It had to be a complete departure from the familiar if I was going to make a change.

The concept of a mirrorless camera caught my attention, yet the charm of the medium format truly captivated me. One of the perks of working for Moment is the privilege of early access to the latest equipment. Taylor, a fellow filmmaker at Sunny Sixteen, had the chance to experiment with the camera, an experience documented in a popular video on Moment's YouTube channel. Her feedback? Stellar. Our artistic sensibilities align, so her endorsement was all the persuasion I needed, especially when she expressed her willingness to transition from her own Canon 5MDIV.

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General Specs on the Fujifilm GFX 50SII

The 14-bit RAW files preserve a good amount of shadow detail, though I wouldn't say it has the night-vision level recovery other modern solutions provide. It may not offer the dynamic range of the GFX 100s, but it isn't a slouch. I could comfortably shoot up to ISO 6400 without hesitation concerning noise performance. The noise is perfectly manageable, and the sharpness doesn't suffer significantly. In extreme situations, you can go to 12,800 ISO and still get usable results, which may vary based on your threshold. While the sensor may be older, the results feel anything but old. These files are very robust and give you much room to direct your creativity.

The GFX50S II brings a dependable autofocus, thanks to Fujifilm's robust X-Processor 4. The sensor's readout speeds have leaped from 130fps in the previous GFX50S to a swift 250fps, ensuring ultra-quick reactions, perfect for tracking subjects or identifying a face in a bustling scene. The enhanced autofocusing algorithm, borrowed from the newest Fujifilm X-Series and GFX system cameras, elevates the focus capabilities across all modes, face and eye detection included. Working in harmony with the in-body image stabilization (IBIS), the AF system offers an impressive 6.5 stops of stability for shooting by hand. So, when inspiration strikes, you can trust the camera's autofocus to keep pace with your creativity.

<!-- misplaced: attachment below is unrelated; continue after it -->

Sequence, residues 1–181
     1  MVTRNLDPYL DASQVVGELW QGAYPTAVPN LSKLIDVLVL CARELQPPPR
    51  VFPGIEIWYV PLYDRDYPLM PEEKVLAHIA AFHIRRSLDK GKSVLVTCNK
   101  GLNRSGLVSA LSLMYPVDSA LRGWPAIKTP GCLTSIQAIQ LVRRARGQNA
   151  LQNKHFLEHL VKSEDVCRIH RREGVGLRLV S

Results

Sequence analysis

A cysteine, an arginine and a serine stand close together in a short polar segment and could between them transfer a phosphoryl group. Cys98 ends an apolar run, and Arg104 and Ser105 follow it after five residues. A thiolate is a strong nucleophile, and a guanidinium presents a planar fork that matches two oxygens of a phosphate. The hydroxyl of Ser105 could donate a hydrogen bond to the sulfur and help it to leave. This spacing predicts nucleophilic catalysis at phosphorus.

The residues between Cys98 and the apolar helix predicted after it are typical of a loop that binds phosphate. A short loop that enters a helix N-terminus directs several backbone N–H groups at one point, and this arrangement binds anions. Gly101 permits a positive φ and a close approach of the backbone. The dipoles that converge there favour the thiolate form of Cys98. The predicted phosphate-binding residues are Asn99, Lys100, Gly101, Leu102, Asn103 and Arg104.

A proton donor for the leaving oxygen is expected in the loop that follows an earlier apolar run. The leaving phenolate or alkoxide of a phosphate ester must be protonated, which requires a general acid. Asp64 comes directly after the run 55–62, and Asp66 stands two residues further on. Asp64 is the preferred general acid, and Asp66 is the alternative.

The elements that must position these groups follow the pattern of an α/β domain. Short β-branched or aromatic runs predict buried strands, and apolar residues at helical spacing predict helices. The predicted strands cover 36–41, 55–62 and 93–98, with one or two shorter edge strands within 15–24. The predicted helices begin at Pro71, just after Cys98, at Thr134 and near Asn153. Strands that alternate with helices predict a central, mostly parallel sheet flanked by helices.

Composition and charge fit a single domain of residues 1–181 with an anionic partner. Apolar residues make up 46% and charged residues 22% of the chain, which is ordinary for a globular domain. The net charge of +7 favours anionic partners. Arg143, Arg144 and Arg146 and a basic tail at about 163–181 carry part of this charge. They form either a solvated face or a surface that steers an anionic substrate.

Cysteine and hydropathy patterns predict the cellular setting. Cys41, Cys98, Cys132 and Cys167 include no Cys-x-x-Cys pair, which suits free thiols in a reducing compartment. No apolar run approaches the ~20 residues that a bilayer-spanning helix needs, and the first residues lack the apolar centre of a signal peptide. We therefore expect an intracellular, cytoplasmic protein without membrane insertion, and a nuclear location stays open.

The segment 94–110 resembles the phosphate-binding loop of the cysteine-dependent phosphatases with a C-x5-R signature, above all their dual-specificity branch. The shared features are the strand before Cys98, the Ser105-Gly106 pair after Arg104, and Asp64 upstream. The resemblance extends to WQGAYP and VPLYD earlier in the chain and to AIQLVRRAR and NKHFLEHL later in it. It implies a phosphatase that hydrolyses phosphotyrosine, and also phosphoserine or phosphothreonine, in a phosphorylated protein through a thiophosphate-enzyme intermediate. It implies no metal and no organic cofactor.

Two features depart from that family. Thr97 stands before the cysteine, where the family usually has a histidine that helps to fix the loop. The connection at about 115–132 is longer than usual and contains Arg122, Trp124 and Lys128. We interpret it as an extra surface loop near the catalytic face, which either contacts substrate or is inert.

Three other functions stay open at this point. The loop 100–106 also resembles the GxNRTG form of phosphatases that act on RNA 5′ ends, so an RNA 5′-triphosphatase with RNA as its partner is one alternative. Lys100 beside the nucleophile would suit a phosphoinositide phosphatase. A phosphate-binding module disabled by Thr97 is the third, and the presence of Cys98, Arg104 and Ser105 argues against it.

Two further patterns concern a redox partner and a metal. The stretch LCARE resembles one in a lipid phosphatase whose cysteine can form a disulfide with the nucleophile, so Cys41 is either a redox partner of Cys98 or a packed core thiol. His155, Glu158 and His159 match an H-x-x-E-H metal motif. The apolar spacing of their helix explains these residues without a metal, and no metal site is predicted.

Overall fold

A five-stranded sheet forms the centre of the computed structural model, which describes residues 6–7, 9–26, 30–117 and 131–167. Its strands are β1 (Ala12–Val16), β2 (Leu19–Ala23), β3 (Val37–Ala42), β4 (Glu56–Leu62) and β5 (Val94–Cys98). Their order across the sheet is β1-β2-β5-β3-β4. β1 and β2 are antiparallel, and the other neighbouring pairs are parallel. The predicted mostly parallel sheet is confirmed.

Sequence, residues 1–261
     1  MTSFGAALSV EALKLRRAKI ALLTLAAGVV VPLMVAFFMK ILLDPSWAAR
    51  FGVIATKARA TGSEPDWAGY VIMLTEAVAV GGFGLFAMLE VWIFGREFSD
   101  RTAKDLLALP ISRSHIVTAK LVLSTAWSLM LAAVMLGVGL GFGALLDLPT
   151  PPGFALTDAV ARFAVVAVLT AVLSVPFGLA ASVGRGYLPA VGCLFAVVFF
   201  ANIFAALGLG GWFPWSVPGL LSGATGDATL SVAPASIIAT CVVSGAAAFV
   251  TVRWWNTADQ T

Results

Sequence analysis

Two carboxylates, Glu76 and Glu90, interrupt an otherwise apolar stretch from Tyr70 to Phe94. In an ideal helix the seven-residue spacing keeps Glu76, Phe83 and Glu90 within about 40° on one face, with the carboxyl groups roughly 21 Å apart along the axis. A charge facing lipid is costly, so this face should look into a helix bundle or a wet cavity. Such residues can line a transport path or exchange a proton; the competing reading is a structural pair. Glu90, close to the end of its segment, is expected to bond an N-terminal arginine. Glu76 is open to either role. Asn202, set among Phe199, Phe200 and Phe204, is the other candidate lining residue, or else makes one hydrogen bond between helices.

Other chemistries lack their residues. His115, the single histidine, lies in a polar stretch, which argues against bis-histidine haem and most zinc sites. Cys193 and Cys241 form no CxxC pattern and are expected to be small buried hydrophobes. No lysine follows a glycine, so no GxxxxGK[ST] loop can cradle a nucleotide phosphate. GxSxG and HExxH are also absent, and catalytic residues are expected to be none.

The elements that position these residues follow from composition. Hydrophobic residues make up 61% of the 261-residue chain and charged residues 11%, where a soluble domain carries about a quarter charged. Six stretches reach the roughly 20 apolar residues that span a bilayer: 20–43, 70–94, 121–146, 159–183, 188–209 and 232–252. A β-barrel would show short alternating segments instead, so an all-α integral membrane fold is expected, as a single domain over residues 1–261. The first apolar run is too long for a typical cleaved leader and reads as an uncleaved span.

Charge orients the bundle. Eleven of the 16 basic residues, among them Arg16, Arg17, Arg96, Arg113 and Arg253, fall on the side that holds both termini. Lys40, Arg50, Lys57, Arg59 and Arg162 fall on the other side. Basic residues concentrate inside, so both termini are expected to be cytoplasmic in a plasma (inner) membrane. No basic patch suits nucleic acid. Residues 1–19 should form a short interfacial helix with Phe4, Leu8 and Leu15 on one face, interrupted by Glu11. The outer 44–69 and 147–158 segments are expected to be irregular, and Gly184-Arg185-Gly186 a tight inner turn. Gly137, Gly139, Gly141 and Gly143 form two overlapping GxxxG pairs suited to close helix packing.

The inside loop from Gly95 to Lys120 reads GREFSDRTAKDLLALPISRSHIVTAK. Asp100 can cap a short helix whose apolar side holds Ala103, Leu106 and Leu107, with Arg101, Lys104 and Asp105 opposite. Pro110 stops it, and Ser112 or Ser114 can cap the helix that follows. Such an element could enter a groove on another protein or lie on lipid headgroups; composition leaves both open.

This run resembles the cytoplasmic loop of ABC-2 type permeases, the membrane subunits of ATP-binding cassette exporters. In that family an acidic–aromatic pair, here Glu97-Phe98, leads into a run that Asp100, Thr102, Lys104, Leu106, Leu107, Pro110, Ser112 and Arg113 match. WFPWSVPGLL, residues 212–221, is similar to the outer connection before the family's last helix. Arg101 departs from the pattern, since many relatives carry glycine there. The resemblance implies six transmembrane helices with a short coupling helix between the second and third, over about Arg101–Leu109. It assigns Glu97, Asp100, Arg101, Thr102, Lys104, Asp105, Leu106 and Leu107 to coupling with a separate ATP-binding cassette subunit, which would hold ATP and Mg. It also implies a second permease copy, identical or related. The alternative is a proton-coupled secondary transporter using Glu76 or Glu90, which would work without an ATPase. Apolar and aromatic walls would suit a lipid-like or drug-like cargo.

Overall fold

• 51.4 Megapixel Large Format CMOS Image Sensor
  • X-Processor 4 Image Processor
  • 3.0 Frames per second
  • Updated Autofocus (AF) algorithm for optimized performance with G Mount lenses
  • Up to 6.5 stops of Internal Body Image Stabilization (IBIS)
  • Compact, weather-resistant body
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I'm in love with my GFX, and admittedly, I'm still adapting to it after a year of use. My artistic vision and style preferences have always inclined me towards film photography for personal and professional projects. However, when a campaign's creative direction calls for digital, my go-to is the GFX 50S II. Its performance is flawless, and the quality of the images is so striking that it's hard not to be impressed. But, for scenarios demanding quick captures, like my sister's track events or assisting at a friend's wedding shoot, my Canon 5DMIV remains the trusted choice for quicker capture speed. Still, I'm thrilled with my decision to make the change, and it's reassuring to know my reliable Canon camera is still at hand when needed.